Brake light for the weak: government lands a new blow on regions’ public debt

Functionaries are offering to divide Russian regions into strong, medium and weak. The latter won’t be allowed to take out new market loans

Brake light for the weak: government lands a new blow on regions’ public debt Photo: government.ru

The Government of Russia continues fighting against too many loans in some regions. After last year's moratorium to grant budget loans, it wants to ban financially weak regions from taking market loans– except money to refinance an existing debt. In experts' opinion, this will help to get rid of manual control of regional money. Realnoe Vremya tells the details.

137 pages of restrictions

On Monday, the Government of Russia introduced amendments to the Budget Code to the State Duma: a 137-page bill is to tighten rules for regions to take out loans.

Several key offers can be pointed out from the big list. Firstly, functionaries want to reduce the cap of regional costs on public debt payment. According to existing rules, it's 15% of the total volume of budget costs of a region, the bill offers to lower the bar to 10%. ''The existing restriction is hardly able to forecast dangerous higher risks of solvency of a region beforehand,'' the functionaries write in an explanatory note. In addition, the government notes that 10% bar complies with the world practice.

Secondly, the restrictions are imposed on a total sum of annual public debt payments: the regions will be able to spend no more than 20% of the volume of taxable and non-taxable incomes as well as federal grants to pay off major liabilities and their interest.

The Russian Finance Ministry will classify regions by risk groups and so on, depending on results, it will make them concessions in rules or impose additional restrictions. Photo: minfin.ru

Another offer is linked with debt sustainability assessment. The Russian Finance Ministry will classify regions by risk groups and so on, depending on results, it will make them concessions in rules or impose additional restrictions. For instance, regions with high debt sustainability will be allowed not to agree on loan programmes with federal authorities.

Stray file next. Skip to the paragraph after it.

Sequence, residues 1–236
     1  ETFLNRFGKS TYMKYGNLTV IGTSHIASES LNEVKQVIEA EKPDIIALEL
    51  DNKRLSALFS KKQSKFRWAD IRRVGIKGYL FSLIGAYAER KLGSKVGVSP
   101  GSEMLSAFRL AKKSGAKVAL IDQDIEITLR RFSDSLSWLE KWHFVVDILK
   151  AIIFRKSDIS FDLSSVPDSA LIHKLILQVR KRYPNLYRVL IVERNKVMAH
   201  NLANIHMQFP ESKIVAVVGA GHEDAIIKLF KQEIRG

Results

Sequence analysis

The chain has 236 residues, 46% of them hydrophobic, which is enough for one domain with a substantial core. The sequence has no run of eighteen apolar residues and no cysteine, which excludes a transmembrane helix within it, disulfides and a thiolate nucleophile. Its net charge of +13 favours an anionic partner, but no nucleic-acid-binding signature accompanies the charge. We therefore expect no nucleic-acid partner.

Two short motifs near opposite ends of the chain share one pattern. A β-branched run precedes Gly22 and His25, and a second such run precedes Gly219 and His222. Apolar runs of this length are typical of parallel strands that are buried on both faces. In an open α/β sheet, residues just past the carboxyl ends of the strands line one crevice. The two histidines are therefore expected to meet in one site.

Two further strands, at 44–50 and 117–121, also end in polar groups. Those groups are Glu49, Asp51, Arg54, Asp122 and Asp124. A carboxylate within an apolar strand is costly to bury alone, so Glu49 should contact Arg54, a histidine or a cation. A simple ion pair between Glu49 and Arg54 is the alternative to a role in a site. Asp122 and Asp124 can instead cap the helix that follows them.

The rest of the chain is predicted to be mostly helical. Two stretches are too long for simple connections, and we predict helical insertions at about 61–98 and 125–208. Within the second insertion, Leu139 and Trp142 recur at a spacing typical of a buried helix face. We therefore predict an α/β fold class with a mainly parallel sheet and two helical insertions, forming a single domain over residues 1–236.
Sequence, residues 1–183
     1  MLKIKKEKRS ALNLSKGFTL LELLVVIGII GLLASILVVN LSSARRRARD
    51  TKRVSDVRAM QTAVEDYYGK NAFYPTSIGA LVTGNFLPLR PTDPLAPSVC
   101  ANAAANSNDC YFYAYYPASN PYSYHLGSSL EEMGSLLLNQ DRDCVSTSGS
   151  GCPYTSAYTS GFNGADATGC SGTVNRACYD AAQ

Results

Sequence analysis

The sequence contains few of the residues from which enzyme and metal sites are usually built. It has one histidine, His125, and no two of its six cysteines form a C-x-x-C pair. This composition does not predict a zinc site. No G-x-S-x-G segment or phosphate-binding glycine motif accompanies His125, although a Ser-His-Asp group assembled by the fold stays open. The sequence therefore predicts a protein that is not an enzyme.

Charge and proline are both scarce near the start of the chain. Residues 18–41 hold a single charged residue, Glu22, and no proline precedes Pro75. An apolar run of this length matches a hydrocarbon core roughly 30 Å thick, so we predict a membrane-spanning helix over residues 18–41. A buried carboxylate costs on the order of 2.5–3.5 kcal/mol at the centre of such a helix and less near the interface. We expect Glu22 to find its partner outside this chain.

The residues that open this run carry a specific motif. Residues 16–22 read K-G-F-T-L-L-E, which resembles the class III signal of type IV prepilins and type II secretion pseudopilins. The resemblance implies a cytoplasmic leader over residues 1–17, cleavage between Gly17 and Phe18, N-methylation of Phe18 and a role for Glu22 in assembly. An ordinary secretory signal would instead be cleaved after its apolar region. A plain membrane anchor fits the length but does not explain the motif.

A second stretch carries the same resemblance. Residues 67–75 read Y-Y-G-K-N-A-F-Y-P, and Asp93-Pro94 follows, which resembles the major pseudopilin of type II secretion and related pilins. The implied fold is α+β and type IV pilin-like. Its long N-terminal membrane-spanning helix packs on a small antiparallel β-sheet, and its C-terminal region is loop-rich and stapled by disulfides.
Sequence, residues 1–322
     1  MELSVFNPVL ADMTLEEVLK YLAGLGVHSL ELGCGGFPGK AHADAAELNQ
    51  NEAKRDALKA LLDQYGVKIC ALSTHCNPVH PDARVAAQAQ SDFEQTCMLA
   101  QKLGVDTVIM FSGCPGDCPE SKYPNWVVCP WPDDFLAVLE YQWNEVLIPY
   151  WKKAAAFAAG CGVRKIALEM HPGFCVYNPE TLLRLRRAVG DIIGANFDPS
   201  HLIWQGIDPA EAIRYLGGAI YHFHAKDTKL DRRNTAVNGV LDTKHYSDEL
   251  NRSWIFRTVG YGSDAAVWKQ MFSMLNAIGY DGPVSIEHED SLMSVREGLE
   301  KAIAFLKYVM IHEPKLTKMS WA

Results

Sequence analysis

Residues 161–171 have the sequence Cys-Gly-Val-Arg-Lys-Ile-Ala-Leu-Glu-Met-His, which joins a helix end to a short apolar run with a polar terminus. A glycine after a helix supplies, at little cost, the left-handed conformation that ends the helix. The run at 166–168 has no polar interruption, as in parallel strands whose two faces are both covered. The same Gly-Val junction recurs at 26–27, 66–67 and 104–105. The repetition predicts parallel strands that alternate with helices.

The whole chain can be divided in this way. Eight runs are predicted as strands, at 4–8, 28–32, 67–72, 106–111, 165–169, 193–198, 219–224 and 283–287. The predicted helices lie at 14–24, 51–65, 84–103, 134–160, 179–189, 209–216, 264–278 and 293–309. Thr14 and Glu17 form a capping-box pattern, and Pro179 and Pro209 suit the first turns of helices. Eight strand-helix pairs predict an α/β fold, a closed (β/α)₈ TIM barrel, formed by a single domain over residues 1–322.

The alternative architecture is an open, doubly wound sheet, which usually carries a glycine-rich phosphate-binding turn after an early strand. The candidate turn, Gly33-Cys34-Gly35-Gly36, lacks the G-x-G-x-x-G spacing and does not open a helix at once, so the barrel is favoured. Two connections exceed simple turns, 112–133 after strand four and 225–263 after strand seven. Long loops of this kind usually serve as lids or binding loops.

Regions in the high-risk group will be able to take out market loans only to refinance their existing liabilities. They are also obliged to make up and implement a solvency recovery plan.

'Refinance, no more'

Experts say the change in the cap of expenses to pay off a debt can be considered rather a formality: ''The 15% cap was very high, and as I understand, no region has jumped higher during this time,'' says Director of the RANEPA Centre for Regional Reforms Aleksandr Deryugin. So the government ''simply raised the upper bar from too high to quite a high level''.

Junior Director on Corporate and Sovereign Ratings at Expert RA Aleksandr Shurakov says the same thing. According to him, last year, Khakassia (9,5%), Kostroma Oblast (6%) and Astrakhan Oblast (5,3%) were ''leaders'' in the ratio of debt payoff costs to general budget costs. This year, ''last year's records won't be broken'': for 9 months, Mordovia with 5,5% is the ''leader''. So the reduction in the highest bar of costs is rather looking back to the previous experience, he thinks.

As for the restriction of the total sum of annual debt payoff, here the Finance Ministry runs a risk of making a mess, Shurakov goes on. For instance, if a region has unexpected income, it won't be able to pay off a debt beforehand, as the sum will exceed the 20% bar.

The ban on market loans for regions with low financial sustainability indicators means that regions with a big debt burden will, in fact, lose an opportunity to get a new debt: ''Refinance, no more. It's a common practice, as sometimes it's the only way to avoid a situation when the region turns out insolvent,'' Deryugin explains.

Second attack

The federal centre has been coping with the too heavy debt burden of specific regions since the last year. This year, the government has launched a programme to restructure budget loans designed for 7-12 years. According to the programme's terms, the Russian regions will be able to pay back only 5% of the total debt to the federal budget in the first 10 years, such a payoff scheme should save 428bn rubles. At the same time, the Finance Ministry stopped granting new budget loans to regions.

Now Tatarstan has the biggest budget debt – 84,9bn rubles as for early November. Krasnodar Krai (60,6bn), Saratov Oblast (31bn), Mordovia (30bn) and Kaluga Oblast (29,7bn) are also in the top 5 regions with this indicator.

Generally speaking, the situation with the regions' public debt has really improved: for 10 months since the beginning of the year, the total size of regional liabilities reduced by 184,6bn rubles (8%) – to 2,1tr rubles as from 1 November. The number of regions with too many loans has also shrunk.

However, the state of affairs in the key troubled regions remains bad. So liabilities in Jewish Autonomous Oblast, Karachayevo-Cherkessia, Khakassia and Kostroma Oblast exceeded their taxable and non-taxable incomes in the first half of the year, they reached 250% of these incomes in Mordovia.

In Aleksandr Deryugin's opinion, the new rules offered by the government will help to get rid of the ''manual control'' of regional money. It became possible to reduce the volume of regional debt by the rules applied when granting budget loans and equalisation transfers. These rules, Deryugin says, were stricter than those explained in the Budget Code: ''There was a question: why do we need budget rules if regional budgets were balanced through other mechanisms.''


By Artyom Malyutin

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